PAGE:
Local journalists not only have limited resources but also face attacks and threats that affect news coverage of disasters, politicians, and other pressing issues in the region, he said.

“The critical approach to covering local political and government issues are left with national media organizations like Rappler, the Philippine Daily Inquirer who have regional correspondents. But not all local journalists are doing that because people are also afraid,” Alviola added.

Alviola also mentioned the arrest of Tacloban journalist Frenchie Mae Cumpio as an example of the threats faced by local media outlets who are critical of the government, as they are easily identified and targeted.

Aside from the attacks and threats to local journalists, Philippine Daily Inquirer Visayas correspondent Nestor Burgos Jr drew some parallels on these challenges faced by local media that got worse during the pandemic.

“Community press have shut down or have reduced their workforce, and most have been transforming into digital editions only [during the pandemic]. Journalists are also limited in coverage of the news. Most of us are working from home, reliant on online press conferences. So in terms of reporting, digging up stories, there are limitations now because of the pandemic,” Burgos said in a mix of English and Filipino.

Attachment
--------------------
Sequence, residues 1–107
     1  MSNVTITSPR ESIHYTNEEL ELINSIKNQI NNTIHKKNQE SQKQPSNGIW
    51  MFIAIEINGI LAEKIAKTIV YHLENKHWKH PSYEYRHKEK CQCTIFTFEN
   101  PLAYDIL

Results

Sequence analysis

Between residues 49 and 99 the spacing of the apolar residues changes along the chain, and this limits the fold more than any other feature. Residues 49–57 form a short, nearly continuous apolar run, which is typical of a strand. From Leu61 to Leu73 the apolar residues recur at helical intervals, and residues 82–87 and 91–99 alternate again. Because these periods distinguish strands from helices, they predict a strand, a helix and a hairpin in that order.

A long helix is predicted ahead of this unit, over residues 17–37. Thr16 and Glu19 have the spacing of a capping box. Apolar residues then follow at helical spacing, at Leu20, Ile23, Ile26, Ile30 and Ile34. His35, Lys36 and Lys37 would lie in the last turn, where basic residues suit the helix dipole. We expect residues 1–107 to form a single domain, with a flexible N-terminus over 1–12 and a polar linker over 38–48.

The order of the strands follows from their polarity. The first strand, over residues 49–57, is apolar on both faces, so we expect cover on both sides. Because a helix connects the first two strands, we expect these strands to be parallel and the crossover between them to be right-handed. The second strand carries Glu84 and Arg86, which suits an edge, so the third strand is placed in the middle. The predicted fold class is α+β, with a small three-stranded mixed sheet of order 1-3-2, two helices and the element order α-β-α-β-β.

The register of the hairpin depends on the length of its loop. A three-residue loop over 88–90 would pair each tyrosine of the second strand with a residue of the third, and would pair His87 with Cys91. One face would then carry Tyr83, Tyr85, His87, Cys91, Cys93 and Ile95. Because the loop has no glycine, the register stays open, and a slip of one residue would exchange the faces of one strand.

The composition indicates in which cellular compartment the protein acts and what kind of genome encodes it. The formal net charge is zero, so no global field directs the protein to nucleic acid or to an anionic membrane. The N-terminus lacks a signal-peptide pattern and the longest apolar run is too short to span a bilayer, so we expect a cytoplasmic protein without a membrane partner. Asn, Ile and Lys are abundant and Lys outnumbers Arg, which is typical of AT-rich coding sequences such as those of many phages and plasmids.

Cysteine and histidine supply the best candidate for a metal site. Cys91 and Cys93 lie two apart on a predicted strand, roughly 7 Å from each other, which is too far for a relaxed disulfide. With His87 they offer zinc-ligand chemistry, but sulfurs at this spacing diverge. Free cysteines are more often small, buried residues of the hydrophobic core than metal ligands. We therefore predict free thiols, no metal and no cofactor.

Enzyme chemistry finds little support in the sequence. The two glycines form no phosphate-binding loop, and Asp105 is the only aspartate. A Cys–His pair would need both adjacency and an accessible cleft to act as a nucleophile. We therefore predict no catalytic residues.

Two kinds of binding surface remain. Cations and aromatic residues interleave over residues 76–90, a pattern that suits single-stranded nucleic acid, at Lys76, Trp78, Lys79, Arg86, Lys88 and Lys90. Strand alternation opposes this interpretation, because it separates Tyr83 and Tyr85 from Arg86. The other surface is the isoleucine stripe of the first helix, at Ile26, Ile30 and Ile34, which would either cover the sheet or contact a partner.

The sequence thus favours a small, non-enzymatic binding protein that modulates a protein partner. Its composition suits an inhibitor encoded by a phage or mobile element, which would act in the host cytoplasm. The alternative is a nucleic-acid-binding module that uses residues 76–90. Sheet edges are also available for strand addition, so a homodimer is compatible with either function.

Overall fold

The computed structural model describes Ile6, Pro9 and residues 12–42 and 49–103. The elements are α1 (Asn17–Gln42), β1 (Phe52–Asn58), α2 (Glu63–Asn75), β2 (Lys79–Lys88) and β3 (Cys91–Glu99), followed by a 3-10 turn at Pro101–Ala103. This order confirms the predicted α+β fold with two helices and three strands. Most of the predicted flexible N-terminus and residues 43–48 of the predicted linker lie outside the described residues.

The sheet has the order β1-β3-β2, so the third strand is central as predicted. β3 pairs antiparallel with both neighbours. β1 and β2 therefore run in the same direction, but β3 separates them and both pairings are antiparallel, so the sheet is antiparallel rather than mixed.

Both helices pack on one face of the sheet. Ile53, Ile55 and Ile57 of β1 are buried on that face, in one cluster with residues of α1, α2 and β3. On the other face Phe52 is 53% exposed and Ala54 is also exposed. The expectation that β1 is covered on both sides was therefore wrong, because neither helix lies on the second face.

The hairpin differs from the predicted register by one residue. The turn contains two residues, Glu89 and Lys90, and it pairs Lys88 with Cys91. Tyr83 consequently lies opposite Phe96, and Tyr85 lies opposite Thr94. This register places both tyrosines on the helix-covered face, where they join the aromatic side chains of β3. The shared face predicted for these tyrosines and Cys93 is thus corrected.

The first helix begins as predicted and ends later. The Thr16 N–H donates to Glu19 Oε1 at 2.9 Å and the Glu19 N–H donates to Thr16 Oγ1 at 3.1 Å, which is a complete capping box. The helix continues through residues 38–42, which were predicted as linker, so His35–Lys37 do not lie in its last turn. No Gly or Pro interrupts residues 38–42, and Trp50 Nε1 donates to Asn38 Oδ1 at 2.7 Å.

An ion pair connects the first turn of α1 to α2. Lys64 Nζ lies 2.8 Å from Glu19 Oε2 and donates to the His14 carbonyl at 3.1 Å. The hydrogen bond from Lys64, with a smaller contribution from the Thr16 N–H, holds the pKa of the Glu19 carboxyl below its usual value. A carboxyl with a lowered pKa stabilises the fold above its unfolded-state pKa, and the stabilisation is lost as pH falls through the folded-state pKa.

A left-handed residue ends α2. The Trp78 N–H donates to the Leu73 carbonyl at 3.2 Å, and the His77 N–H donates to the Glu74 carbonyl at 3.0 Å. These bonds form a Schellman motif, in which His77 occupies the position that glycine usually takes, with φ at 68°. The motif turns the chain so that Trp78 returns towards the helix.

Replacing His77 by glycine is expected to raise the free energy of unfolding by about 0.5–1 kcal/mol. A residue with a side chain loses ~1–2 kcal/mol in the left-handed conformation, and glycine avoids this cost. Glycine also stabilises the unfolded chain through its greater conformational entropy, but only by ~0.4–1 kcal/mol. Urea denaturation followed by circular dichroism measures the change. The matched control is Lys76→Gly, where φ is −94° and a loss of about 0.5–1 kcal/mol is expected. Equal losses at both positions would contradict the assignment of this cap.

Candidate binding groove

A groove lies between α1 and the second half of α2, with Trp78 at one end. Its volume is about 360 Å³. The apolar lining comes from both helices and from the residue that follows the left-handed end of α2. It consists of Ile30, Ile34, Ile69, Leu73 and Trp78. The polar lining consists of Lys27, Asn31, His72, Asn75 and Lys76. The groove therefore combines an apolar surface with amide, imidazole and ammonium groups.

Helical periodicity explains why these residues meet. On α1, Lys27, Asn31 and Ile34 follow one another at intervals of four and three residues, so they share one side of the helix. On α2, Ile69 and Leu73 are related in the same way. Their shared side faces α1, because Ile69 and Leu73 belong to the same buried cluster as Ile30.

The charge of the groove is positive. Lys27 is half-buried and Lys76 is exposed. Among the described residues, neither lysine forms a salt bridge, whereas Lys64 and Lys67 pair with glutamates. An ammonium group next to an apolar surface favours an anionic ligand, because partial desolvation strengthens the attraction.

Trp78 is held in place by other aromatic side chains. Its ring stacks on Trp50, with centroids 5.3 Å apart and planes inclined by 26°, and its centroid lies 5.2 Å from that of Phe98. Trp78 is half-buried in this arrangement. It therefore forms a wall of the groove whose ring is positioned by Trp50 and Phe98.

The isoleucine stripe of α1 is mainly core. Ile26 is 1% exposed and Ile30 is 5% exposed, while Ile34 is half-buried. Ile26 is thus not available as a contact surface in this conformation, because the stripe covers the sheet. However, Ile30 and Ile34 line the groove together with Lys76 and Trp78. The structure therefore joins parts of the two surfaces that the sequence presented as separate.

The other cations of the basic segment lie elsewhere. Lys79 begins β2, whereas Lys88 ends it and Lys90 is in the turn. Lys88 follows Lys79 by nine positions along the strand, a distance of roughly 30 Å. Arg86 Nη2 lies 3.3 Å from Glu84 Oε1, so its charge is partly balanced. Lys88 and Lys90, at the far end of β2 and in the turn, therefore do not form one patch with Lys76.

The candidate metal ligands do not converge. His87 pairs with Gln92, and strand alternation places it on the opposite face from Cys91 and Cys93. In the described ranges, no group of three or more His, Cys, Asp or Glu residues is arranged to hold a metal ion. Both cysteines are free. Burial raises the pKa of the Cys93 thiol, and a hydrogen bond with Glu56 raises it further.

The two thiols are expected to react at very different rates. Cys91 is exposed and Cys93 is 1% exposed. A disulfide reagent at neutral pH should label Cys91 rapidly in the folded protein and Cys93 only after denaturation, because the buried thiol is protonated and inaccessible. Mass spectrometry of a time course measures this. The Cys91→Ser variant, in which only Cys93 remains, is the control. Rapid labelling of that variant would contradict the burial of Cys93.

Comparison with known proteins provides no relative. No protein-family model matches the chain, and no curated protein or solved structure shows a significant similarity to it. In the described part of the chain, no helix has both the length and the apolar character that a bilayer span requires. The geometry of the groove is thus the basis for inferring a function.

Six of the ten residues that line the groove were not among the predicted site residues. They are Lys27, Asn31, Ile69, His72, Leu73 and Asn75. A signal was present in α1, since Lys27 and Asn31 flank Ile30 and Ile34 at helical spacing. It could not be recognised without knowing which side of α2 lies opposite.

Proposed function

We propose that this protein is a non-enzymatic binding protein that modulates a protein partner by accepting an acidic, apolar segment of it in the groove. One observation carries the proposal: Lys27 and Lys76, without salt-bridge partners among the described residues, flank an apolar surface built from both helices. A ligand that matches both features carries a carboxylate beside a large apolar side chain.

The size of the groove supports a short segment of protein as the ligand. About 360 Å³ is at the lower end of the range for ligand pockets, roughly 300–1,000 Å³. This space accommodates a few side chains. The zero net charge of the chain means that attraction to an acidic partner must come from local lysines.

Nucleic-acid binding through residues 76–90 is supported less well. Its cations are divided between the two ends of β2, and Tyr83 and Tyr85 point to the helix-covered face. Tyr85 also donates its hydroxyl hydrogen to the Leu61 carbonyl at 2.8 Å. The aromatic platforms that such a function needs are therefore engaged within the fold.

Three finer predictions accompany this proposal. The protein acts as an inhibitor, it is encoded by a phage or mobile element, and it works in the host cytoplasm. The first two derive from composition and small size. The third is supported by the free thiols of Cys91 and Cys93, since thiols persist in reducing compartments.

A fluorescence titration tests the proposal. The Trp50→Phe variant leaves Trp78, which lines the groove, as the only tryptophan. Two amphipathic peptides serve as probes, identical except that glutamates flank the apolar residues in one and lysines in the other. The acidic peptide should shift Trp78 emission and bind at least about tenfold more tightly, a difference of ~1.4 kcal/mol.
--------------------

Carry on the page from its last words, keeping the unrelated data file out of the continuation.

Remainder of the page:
These challenges, according to Burgos, made it difficult for local journalists to be independent in the Visayas. 

The said community publications are smaller and have less resources, and are "generally less independent."

"Because they don’t have resources, they are dependent on ads. And many of these ads come from politicians or government offices,” Burgos said.

Building a credible audience

To counter this, community journalist Georgene Quilaton-Tambiga, a communication officer for Colegio de Sto Tomas-Recoletos in San Carlos City, stressed the importance of helping news consumers develop critical thinking. 

“How credible are the consumers of the media in our rural communities? While it takes time for a professional media practitioner and a journalist to build credibility, we are now at an age when we are also questioning the credibility of our people or audience,” Tambiga said. 

She said that academic institutions can take a more active role to help students and local news consumers to build up their credibility.

Tambiga added: "More so to develop critical thinking in analyzing news – what is 'fake news' from what is real. We should be the ones teaching students from the grassroots so they too can be credible reactors and commenters, not just those who read the headlines and react to the comment box like it’s nothing...thereby defeating actual unprofessional community media outfits."

Alviola said local unions among journalists, should be strengthened in the the Visayas including campus publications.

He added that there should be more research done by the academe and community media groups to help the general population, especially the youth, to understand the context of Philippine media and "fake news."  – with reports from  John Sitchon/